Somewhat curiously, I haven’t heard much about the new system causing problems, despite its having been started last summer. Perhaps, contrary to the teachings of experience, air travelers are indeed “organiz[ing] their carry-on bags and keep[ing] them uncluttered to ease the screening process and keep the lines moving,” as TSA has asked.

The TSA Administrator said that “these enhanced screening measures enable TSA officers to better screen for threats to passengers and aircrew while maintaining efficiency at checkpoints throughout the U.S….Our security efforts remain focused on always staying ahead of those trying to do us harm and ensuring travelers get to their destination safely.”

Well, they better had, because, as a result of the bizarre gun culture that pervades  American society, the greatest danger appears to come, not from terrorists, but from ordinary air travelers packing heat, ready to defend themselves and others from any threat, real or imagined. I say this because it is reliably reported that in just the first week of April, TSA discovered 64 firearms in carry-on bags at airports around the United States. Of those weapons, 52, or 81 percent, were loaded and 13, or 20 percent, had a round in the firing chamber.

This, despite the fact that TSA may assess civil penalties of up to $13,066 per violation per person for carrying prohibited items on an aircraft. https://americansecuritytoday.com/tsa-finds-63-firearms-carry-bags-last-week-learn-videos/ This, despite the fact that incidents of “out of control” passengers seem to be on the increase.

Were it not for the vigilant screening efforts carried out by TSA, and assuming the first week of April was typical, there is a chance that someone on your flight will be armed with a pistol with live rounds in the chamber, ready to shoot at … what? A provocation by another passenger? A rude flight attendant? At altitude, in a pressurized cabin.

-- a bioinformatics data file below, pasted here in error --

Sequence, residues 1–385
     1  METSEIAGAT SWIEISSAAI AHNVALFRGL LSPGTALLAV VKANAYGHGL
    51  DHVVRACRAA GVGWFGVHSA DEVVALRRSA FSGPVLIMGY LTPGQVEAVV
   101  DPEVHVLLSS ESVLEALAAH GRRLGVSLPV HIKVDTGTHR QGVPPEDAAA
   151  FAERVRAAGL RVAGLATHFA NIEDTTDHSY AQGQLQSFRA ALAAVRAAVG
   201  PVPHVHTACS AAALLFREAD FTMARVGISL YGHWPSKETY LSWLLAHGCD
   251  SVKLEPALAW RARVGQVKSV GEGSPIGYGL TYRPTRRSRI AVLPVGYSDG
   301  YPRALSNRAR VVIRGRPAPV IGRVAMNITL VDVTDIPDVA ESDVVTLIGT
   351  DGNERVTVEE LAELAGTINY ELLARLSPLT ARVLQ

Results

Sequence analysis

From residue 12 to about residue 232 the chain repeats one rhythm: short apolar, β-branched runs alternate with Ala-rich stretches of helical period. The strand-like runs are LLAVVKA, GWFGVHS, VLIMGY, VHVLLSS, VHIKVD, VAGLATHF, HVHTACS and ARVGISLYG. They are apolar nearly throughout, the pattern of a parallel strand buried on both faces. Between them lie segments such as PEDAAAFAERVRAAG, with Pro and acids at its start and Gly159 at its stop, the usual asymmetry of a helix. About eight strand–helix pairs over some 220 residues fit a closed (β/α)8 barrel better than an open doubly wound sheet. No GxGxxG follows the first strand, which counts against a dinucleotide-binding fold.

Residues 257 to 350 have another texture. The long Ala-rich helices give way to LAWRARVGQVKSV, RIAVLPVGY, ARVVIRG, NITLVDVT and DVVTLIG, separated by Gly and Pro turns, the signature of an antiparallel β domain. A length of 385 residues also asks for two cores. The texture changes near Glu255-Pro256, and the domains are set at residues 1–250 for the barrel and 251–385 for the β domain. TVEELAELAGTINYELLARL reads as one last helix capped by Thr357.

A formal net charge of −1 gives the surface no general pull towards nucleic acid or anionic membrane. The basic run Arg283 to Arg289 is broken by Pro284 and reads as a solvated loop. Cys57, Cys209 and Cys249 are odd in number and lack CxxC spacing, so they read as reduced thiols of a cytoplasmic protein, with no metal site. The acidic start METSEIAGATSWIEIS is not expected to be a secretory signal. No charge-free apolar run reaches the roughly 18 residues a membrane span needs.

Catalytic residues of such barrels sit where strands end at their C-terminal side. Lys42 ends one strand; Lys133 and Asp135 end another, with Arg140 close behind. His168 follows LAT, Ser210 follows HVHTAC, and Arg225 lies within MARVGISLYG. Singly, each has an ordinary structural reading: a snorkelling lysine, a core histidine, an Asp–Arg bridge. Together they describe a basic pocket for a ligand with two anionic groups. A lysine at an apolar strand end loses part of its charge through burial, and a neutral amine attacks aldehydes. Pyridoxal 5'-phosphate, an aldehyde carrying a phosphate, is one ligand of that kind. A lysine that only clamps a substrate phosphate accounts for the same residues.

Think this is  overstatement? In fact, the year 2017 set a record for weapons discoveries; according to TSA records:

  • 5 million (771,556,886) passengers traveled through 440 federalized airports in 2017, a rate of more than 2 million a day;
  • A record setting 3,957, firearms were discovered in carry-on bags, an average rate of 76.1 firearms per week, or . 10.8 firearms per day;
  • 3,324 (84 percent) of the total firearms discovered were loaded; and 1,378 (34.8 percent) of the total had a round chambered;
  • The most firearms discovered in one-month – 31 – were in August at the Hartsfield–Jackson Atlanta International Airport (ATL), but in total, firearms were intercepted at 239 airports.
  • The 2017 total represents a 16.7 percent increase in firearm discoveries over2016’s totalof 3,391.

https://www.tsa.gov/blog/2018/01/29/tsa-year-review-record-amount-firearms-discovered-2017

There’s more. The 2017 cache of intercepted weapons went well beyond mere pistols. A sample of other items includes:

  • A checked bag with an ammunition box with three live ground burst simulators, two live M83 smoke grenades, and one inert practice grenade — Palm Springs International Airport (PSP).
  • A live flashbang grenade in a carry-on bag — San Diego International Airport (SAN).
  • A live smoke grenade — Raleigh–Durham International Airport (RDU).
  • A one-pound bottle of gun powder in a checked bag at the Ketchikan International Airport (KTN).
  • Five one-pound bottles of gun powder in a checked bag — Boise Airport (BOI).
  • A ten-ounce container of gun powder in a checked bag — Salt Lake City International Airport (SLC).

This, my fellow Americans, is one small part of the regime we have allowed to develop in our country. So, next time you are tempted to complain about the security process at the airport, try to remember what you have read here. I don’t like going through security any more than anyone else, but without it, we’d all probably be killed by some “patriot” with a Glock 9mm in his briefcase.